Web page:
blackwater


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black·wa·ter

 (blăk′wô′tər, -wăt′ər)
n.
1. Wastewater containing bodily or other biological wastes, as from toilets, dishwashers, or kitchen drains, and kept separate from graywater in wastewater recycling systems.
2. Water, as in a river or swamp, that has absorbed tannins from decaying vegetation, acquiring a dark brown color.
American Heritage® Dictionary of the English Language, Fifth Edition. Copyright © 2016 by Houghton Mifflin Harcourt Publishing Company. Published by Houghton Mifflin Harcourt Publishing Company. All rights reserved.

blackwater

(ˈblækˌwɔːtə)
n
1. a stream stained dark with peat
2. a disease of cows and sheep
3. Indian the sea
Collins English Dictionary – Complete and Unabridged, 12th Edition 2014 © HarperCollins Publishers 1991, 1994, 1998, 2000, 2003, 2006, 2007, 2009, 2011, 2014

black•wa•ter

(ˈblækˌwɔ tər, -ˈwɒt ər)

n.
1. any of several diseases characterized by the production of dark urine as a result of the rapid breakdown of red blood cells.
[1790–1800]
Random House Kernerman Webster's College Dictionary, © 2010 K Dictionaries Ltd. Copyright 2005, 1997, 1991 by Random House, Inc. All rights reserved.

black·wa·ter

(blăk′wô′tər)
Wastewater from flushed toilets. See Note at graywater.
The American Heritage® Student Science Dictionary, Second Edition. Copyright © 2014 by Houghton Mifflin Harcourt Publishing Company. Published by Houghton Mifflin Harcourt Publishing Company. All rights reserved.
ThesaurusAntonymsRelated WordsSynonymsLegend:
Noun1.blackwater - any of several human or animal diseases characterized by dark urine resulting from rapid breakdown of red blood cells
Based on WordNet 3.0, Farlex clipart collection. © 2003-2012 Princeton University, Farlex Inc.
Translations
References in classic literature ?
They come back, accompanied by Count Fosco and his wife, who propose to settle somewhere in the neighbourhood of London, and who have engaged to stay at Blackwater Park for the summer months before deciding on a place of residence.
Meanwhile, here I am, established at Blackwater Park, "the ancient and interesting seat" (as the county history obligingly informs me) "of Sir Percival Glyde, Bart.," and the future abiding-place
He has spent so much money abroad that he has none left to defray the expenses of living in London for the remainder of the season, and he is economically resolved to pass the summer and autumn quietly at Blackwater. Laura has had more than enough of excitement and change of scene, and is pleased at the prospect of country tranquillity and retirement which her husband's prudence provides for her.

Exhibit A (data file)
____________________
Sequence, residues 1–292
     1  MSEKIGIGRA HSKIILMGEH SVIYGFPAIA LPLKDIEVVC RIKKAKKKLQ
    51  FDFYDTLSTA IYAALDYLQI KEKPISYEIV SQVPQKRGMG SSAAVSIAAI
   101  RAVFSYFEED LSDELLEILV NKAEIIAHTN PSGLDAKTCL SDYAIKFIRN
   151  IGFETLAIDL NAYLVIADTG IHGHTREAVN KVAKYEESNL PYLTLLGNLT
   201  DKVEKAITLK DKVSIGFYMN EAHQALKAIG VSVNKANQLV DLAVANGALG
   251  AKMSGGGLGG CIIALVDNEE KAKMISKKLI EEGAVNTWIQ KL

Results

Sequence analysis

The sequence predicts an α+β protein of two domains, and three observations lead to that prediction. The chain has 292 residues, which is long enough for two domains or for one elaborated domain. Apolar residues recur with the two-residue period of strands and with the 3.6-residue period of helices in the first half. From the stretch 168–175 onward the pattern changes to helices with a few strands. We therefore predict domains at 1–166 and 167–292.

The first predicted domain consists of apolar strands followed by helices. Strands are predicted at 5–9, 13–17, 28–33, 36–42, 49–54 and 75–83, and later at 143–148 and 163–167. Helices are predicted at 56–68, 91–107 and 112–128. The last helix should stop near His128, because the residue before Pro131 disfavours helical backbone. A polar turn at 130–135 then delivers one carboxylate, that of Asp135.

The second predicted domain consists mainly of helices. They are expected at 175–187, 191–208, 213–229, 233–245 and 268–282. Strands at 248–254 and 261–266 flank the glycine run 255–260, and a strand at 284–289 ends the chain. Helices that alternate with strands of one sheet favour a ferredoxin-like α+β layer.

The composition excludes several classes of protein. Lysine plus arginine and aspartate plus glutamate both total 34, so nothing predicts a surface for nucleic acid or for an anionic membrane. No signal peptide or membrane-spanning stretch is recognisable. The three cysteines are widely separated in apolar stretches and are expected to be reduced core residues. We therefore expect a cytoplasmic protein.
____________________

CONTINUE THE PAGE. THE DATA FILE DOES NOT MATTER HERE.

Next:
Last night I slept in London, and was delayed there so long to-day by various calls and commissions, that I did not reach Blackwater this evening till after dusk.
I have not seen one of them yet, and I know nothing about the house, except that one wing of it is said to be five hundred years old, that it had a moat round it once, and that it gets its name of Blackwater from a lake in the park.
I wonder how Blackwater Park will look in the daytime?
We went next to the wing on the right, which was built, by way of completing the wonderful architectural jumble at Blackwater Park, in the time of George the Second.
I was terribly afraid, from what I had heard of Blackwater Park, of fatiguing antique chairs, and dismal stained glass, and musty, frouzy hangings, and all the barbarous lumber which people born without a sense of comfort accumulate about them, in defiance of the consideration due to the convenience of their friends.
Daylight confirmed the impression which I had felt the night before, of there being too many trees at Blackwater. The house is stifled by them.
Close inshore was a multitude of fishing smacks--English, Scotch, French, Dutch, and Swedish; steam launches from the Thames, yachts, electric boats; and beyond were ships of large burden, a multitude of filthy colliers, trim merchantmen, cattle ships, passenger boats, petroleum tanks, ocean tramps, an old white transport even, neat white and grey liners from Southampton and Hamburg; and along the blue coast across the Blackwater my brother could make out dimly a dense swarm of boats chaffering with the people on the beach, a swarm which also extended up the Blackwater almost to Maldon.
There were already a couple of score of passengers aboard, some of whom had expended their last money in securing a passage, but the captain lay off the Blackwater until five in the afternoon, picking up passengers until the seated decks were even dangerously crowded.
One of my Polynesian sailors lay at death's door with blackwater fever.